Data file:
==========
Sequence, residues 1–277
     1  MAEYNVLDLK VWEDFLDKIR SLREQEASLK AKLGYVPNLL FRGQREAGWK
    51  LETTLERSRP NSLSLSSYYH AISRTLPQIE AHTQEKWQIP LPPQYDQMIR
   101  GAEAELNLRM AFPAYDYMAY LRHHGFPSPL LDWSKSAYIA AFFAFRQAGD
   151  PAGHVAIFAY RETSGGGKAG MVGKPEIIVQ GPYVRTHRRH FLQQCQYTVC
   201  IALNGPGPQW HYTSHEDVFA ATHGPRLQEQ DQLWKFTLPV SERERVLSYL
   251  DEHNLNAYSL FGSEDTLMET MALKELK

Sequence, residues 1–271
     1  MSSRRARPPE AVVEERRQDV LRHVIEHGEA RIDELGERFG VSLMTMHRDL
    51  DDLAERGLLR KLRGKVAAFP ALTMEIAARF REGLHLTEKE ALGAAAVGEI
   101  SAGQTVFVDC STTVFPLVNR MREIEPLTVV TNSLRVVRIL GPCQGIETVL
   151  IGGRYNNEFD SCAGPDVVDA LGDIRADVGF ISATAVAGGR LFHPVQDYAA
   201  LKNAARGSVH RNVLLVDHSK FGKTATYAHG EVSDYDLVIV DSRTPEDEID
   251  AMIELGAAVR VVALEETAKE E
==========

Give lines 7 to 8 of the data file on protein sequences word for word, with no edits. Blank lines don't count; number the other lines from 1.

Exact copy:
   251  DEHNLNAYSL FGSEDTLMET MALKELK

Sequence, residues 1–271